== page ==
|US1702348 *||Apr 7, 1927||Feb 19, 1929||Steve Kraljevich||Lubrication of internal-combustion engines|
|US2102514 *||Nov 21, 1936||Dec 14, 1937||Clarkson Marion C||Auxiliary oiling device|
|US2110662 *||May 29, 1937||Mar 8, 1938||Fisher Charles E||Dual oiling system for internal combustion engines|
|US2327011 *||May 12, 1939||Aug 17, 1943||Clark M Bolser||Oil filter|
|US2375765 *||Sep 20, 1939||May 15, 1945||Briggs Clarifier Company||Filter unit|
|US2736307 *||Jul 24, 1953||Feb 28, 1956||Wilcox Harry A||Preoiling system and apparatus|
|US2747564 *||Apr 29, 1955||May 29, 1956||Wehling Julius J||Oiling apparatus|
|US2755787 *||Jan 22, 1954||Jul 24, 1956||Butler Raymond B||Preliminary lubricating means for an engine|
|US2838039 *||Jun 8, 1954||Jun 10, 1958||Gay Joseph A||Pre-start and auxiliary pressure oiler|
|US3295507 *||Jul 6, 1964||Jan 3, 1967||Carter Aaron D||Lubrication system for internal combustion engines|
|US3422807 *||Mar 28, 1966||Jan 21, 1969||Waldecker Donald E||Preliminary lubrication device|
|US3474884 *||Mar 14, 1968||Oct 28, 1969||Briggs & Stratton Corp||Extended oil filler tube|
|US3583525 *||Dec 30, 1968||Jun 8, 1971||Holcomb Clifton R||Engine preoiler|
|US3842937 *||Sep 22, 1972||Oct 22, 1974||Kolas W||Circulation of lubricant of an internal combustion engine prior to start-up|
|US3982520 *||Aug 14, 1975||Sep 28, 1976||Wheeler Bill L||Oil filter mounting means|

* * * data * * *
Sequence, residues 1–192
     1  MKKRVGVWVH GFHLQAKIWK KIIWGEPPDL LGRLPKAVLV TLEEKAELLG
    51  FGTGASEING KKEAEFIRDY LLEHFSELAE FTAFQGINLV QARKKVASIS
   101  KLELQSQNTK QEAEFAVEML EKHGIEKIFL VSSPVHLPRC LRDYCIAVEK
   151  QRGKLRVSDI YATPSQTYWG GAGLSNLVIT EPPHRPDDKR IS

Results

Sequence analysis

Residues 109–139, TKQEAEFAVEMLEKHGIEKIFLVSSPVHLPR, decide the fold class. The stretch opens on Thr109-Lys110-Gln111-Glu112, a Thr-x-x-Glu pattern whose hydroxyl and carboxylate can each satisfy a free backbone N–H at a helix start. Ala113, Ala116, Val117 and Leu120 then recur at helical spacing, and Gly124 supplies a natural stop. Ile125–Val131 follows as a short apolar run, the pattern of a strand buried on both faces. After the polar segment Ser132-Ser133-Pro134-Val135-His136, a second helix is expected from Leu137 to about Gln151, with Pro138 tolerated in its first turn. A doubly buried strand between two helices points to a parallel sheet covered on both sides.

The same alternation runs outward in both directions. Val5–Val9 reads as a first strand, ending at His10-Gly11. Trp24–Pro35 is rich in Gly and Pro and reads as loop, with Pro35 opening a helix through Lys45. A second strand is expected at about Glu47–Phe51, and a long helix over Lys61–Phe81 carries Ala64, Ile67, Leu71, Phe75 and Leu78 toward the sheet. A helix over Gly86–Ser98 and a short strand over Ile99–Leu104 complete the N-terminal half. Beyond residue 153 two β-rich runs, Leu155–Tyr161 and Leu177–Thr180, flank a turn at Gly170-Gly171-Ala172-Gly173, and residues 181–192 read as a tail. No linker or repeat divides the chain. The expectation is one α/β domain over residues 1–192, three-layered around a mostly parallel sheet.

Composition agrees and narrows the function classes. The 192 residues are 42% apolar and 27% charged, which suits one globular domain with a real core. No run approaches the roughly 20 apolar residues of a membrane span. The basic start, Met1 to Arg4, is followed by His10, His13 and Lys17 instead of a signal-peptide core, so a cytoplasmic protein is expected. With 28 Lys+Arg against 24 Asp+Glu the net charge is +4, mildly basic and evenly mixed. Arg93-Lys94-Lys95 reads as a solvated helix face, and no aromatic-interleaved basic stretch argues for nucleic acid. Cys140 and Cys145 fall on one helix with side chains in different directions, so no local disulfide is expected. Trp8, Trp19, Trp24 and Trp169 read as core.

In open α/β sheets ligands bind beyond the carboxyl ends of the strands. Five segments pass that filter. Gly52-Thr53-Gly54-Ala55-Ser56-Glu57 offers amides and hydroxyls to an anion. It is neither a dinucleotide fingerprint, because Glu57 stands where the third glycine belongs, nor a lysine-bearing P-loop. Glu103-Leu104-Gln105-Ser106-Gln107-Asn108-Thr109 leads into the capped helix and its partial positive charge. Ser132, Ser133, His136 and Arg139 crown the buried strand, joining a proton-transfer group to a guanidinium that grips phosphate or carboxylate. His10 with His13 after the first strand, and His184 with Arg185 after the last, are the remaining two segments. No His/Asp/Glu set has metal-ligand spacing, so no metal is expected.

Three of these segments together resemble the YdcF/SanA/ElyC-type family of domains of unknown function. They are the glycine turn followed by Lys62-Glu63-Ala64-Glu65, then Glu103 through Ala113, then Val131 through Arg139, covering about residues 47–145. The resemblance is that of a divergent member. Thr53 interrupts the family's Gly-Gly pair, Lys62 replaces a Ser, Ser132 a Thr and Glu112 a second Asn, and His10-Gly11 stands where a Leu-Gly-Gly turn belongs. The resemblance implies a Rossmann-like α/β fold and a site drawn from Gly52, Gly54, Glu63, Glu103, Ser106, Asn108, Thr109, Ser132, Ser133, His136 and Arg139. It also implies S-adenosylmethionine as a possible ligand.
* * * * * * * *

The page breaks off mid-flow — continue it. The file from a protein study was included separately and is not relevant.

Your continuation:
|US4061204 *||Feb 9, 1976||Dec 6, 1977||Kautz Walter C Jr||Engine pre-oiler|
|US4094293 *||Apr 16, 1976||Jun 13, 1978||Evans John W||Engine preoiler and lubricant reservoir|
|US4151823 *||Jul 28, 1977||May 1, 1979||Grosse Leland J||Quick-change oil filter/reservoir system for internal combustion engine|
|Citing Patent||Filing date||Publication date||Applicant||Title|
|US4676206 *||Aug 13, 1986||Jun 30, 1987||Degrazia Jr Torey W||Interlocked remote oil filter and drain|
|US5039403 *||Sep 21, 1990||Aug 13, 1991||Saturn Corporation||Apparatus for depositing a viscous valve opener material within an engine oil filter|
|US5070831 *||Feb 22, 1991||Dec 10, 1991||Smokey Yunick||Oil change system and method|
|US5246086 *||Mar 15, 1991||Sep 21, 1993||Henry Yunick||Oil change system and method|
|US5327862 *||May 28, 1993||Jul 12, 1994||K.J. Manufacturing Co.||Multi-port filter mounting adapter and fitting mounted to same for expediting removal of oil from internal combustion engine associated therewith and method for accomplishing same|
|US5443138 *||Apr 12, 1994||Aug 22, 1995||K.J. Manufacturing Co.||Universal sandwich adapter and threaded nipple for attaching same|
|US5454355 *||Jun 1, 1994||Oct 3, 1995||K.J. Manufacturing Company||Engine oil inlet adapter|
|US5743358 *||Feb 12, 1996||Apr 28, 1998||K. J. Manufacturing Co.||Filter mounting adapter and fitting mounted to same|
|US6736155||Mar 29, 2002||May 18, 2004||Honda Motor Co., Ltd.||Air oiler filler|
|US7134419||Jun 24, 2004||Nov 14, 2006||Phil Lafleur||Oil flushing system|
|US8911620 *||Nov 11, 2011||Dec 16, 2014||Vesa S. Silegren||Universal spin-on oil filter adapter|
|US20040261748 *||Jun 24, 2004||Dec 30, 2004||Phil Lafleur||Oil flushing system|
|US20120132395 *||Nov 11, 2011||May 31, 2012||Vesa Samuel Silegren||Universal spin-on oil filter adapter|
|U.S. Classification||123/196.00S, 123/196.00A, 210/444, 184/6.4|
|International Classification||F01M1/10, B01D35/30|
|Cooperative Classification||B01D35/306, F01M1/10|
|European Classification||B01D35/30D, F01M1/10|
|Apr 7, 1988||FPAY||Fee payment|
Year of fee payment: 4
|Jun 2, 1992||REMI||Maintenance fee reminder mailed|
|Nov 1, 1992||LAPS||Lapse for failure to pay maintenance fees|
|Jan 12, 1993||FP||Expired due to failure to pay maintenance fee|
Effective date: 19921101